Re: Trust, but verify...

Arno Luijten

Bill (Rouse),

In my experience many of the so called marine technicians are are one trick ponys. They think because they have seen one installation, they have seen them all. Especially on an Amel this quite risky give the number of "different way of solving" solutions that are incorporated. This becomes real risk if you (as an owner) are not familiar with the technical details of your boat. Amel boats are build with a lot of idiosyncratic solutions and you need to at least understand them to make sure 3rd parties will not mess up. The whole point being that you as an owner are in the end sailing away with the boat trusting your safety to the boat (systems). Once a few hundred (or thousand) miles away it really is your problem if things were "fixed" improperly.

For me I try to do as much as possible myself, keeping the boat as much as possible unmodified, unless the alteration is improving the quality of the boat and even then I try to fit the changes into the original plan as tidy as possible even if that is more work.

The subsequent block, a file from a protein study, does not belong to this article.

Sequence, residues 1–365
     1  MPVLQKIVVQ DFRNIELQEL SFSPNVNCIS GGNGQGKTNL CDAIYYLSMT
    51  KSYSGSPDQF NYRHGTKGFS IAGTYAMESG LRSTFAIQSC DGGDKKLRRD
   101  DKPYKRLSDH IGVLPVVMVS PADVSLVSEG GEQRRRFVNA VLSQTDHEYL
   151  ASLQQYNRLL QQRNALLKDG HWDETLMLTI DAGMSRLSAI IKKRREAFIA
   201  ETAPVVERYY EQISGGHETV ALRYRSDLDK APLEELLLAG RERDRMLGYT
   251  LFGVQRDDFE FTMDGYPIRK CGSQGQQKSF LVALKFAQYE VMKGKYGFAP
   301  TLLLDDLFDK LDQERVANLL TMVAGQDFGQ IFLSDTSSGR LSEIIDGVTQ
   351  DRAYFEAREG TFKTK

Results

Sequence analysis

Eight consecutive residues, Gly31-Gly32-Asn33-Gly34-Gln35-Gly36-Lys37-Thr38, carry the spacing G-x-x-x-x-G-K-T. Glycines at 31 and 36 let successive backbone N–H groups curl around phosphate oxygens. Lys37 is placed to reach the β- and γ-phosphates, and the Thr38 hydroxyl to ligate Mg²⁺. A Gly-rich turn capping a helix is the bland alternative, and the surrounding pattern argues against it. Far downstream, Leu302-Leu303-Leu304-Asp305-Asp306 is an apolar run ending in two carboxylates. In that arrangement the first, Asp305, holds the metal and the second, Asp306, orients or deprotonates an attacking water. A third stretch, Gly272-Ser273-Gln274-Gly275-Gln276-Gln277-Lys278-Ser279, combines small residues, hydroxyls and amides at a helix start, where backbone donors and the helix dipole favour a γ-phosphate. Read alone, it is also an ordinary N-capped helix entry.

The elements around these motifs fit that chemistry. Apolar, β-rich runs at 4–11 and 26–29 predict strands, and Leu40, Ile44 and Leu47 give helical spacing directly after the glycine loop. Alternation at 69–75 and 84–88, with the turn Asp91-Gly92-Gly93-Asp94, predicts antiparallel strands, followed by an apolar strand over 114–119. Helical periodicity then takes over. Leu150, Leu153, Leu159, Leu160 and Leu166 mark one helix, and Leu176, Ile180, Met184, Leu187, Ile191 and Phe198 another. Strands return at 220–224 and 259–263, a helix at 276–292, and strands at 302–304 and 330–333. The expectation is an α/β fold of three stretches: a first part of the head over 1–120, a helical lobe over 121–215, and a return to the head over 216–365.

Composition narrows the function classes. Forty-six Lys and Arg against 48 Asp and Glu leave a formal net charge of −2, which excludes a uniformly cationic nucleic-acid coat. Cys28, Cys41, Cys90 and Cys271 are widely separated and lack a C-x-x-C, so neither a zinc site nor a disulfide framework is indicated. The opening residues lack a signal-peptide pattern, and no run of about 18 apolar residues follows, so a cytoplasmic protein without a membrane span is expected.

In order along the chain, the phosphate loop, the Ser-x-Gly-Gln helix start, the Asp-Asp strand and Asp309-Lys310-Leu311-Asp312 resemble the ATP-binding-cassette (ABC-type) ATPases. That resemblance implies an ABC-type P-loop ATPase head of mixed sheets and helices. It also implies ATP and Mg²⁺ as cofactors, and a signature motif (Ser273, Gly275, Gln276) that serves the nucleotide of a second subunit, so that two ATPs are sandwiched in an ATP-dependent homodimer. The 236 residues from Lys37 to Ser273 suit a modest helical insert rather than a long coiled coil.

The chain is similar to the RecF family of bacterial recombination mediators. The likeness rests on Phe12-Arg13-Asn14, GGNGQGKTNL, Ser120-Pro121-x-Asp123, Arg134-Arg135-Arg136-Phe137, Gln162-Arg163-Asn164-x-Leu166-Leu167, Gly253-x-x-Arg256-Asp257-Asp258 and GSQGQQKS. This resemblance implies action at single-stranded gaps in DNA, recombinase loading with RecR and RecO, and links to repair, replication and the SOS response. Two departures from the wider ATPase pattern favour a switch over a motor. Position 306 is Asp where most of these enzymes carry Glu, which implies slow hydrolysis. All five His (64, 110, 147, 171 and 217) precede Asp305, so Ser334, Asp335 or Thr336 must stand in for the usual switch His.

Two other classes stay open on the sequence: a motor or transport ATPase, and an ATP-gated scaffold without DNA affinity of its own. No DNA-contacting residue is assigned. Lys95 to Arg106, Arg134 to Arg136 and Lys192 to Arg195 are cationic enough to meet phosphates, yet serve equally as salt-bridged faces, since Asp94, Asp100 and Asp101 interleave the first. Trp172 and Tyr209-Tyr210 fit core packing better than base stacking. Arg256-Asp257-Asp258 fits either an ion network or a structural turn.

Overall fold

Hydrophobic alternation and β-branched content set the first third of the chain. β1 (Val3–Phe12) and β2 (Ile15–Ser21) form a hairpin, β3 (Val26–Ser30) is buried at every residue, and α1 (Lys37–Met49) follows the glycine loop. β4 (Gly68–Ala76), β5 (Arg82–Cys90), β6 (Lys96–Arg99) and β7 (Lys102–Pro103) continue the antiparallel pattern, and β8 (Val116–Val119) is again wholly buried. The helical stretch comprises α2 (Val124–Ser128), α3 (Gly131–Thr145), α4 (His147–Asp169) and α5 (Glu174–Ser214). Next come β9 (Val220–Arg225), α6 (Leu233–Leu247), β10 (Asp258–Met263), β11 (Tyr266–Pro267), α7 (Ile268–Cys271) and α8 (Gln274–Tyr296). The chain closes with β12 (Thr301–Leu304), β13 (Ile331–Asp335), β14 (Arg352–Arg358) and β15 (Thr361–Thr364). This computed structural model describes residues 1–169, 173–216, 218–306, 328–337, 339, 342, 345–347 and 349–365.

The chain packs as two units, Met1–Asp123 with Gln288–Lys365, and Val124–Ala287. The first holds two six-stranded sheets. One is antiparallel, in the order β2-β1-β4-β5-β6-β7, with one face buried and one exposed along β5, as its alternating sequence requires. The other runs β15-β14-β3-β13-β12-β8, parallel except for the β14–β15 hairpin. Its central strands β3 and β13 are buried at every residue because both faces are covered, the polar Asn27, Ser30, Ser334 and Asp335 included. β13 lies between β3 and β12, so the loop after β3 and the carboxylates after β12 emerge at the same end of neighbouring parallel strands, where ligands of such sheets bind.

As soon as someone says about some original part of the installation: "I don;t understand why they did this like this because my way is much better" you should be on high alert. I'm not saying Amel did everything perfect when they build our boat but most of it makes good sense either from technical perspective, because of limiting the build cost or simply because at the time of build it was the right solution given the available materials/solutions.

For the example of the exhaust hose is was clearly done by an amateur calling himself professional. It reminds me of my own saying that if you suck as car-mechanic you can always become a marine mechanic. At least that is what is seems to be sometimes.


Arno Luijten
SV Luna,

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